Communities across the UK have lost more than 40% of their bank and building society branches since 1989, according to a new report.
The study, by Nottingham University, found that nearly 7,500 branches closed between 1989 and 2012.
However, it said that the rate of closure had been slower since the year 2000.
The industry said fewer branches were now needed, as many customers had switched to phone or online banking.
The report also found that areas of high unemployment in the UK had lost bank branches at a faster rate than other areas.
Between 1995 and 2012, regions defined as "traditional manufacturing" and "built-up" areas lost 39% of their branch network.
By contrast, areas characterised as "middle England" lost far fewer branches.
Overall, manufacturing and inner city areas have lost branches more than three times as fast as suburbs and small towns, the study says.
The report's author, Shaun French, said he was particularly concerned about the effect of bank closures on poorer communities.
"Branches in less affluent areas have continued to disappear at an alarming rate," he said.
And he warned that fewer banks in areas of low incomes could drive people into the hands of payday or doorstep lenders.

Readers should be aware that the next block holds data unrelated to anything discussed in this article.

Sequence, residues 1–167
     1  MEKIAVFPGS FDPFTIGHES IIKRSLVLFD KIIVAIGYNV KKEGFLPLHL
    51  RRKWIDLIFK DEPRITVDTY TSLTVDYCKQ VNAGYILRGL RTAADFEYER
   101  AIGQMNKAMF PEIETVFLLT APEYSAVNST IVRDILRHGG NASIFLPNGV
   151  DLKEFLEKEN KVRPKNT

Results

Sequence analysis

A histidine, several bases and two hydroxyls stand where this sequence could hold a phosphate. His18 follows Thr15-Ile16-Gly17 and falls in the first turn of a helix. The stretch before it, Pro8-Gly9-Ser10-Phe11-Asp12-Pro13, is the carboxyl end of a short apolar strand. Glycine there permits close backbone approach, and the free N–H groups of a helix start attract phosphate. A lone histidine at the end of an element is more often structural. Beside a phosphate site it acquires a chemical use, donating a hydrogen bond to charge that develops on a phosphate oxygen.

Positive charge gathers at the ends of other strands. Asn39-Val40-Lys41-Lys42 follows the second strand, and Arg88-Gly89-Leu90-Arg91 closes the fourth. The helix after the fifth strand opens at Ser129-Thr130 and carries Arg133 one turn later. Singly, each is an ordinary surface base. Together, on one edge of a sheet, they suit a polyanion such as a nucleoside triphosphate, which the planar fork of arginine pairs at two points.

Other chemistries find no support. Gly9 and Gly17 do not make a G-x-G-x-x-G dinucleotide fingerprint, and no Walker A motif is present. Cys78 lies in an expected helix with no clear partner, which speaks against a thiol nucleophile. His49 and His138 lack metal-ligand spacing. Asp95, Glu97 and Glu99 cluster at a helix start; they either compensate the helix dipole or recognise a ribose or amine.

He said he had particular concerns "for people on lower incomes, who may approach more predatory forms of institutions in the absence of a bank".
But, as the report recognises, the decline in branch numbers in recent years has been much slower than in the 1990s.
The industry body, the British Bankers Association (BBA), estimates a 7.4% decline in branch numbers between 2006 and 2012.
That amounts to 800 closures over six years.
The BBA said that decisions to close a branch were taken only after all other options, such as reducing staff hours, had been considered.
It said that technological advances had reduced the demand for branch visits.
"That change is only going to increase with innovations such as smartphone apps and internet banking, which ultimately means that fewer people now need to go into a branch on a regular basis," said a BBA spokesman.
But some people, including the Campaign for Community Banking, worry that a new round of closures could be just beginning.
This week, HSBC appeared to resume its closure programme after a strategic re-think.
It announced the names of five rural branches that are to close, with a further 20 closures expected by October.
Royal Bank of Scotland, which includes Nat West, has closed 82 branches this year, including 22 at Ulster Bank.
Santander has closed 45, while Barclays has shut 16.
The incoming boss of RBS, Ross McEwan, has said that the state-owned bank has 10% too many branches, prompting worries that more will close.
"It's the lull before the storm," said Derek French of the Campaign for Community Banking.
"We are concerned that we are going to see another take-off in branch closures," he told the BBC.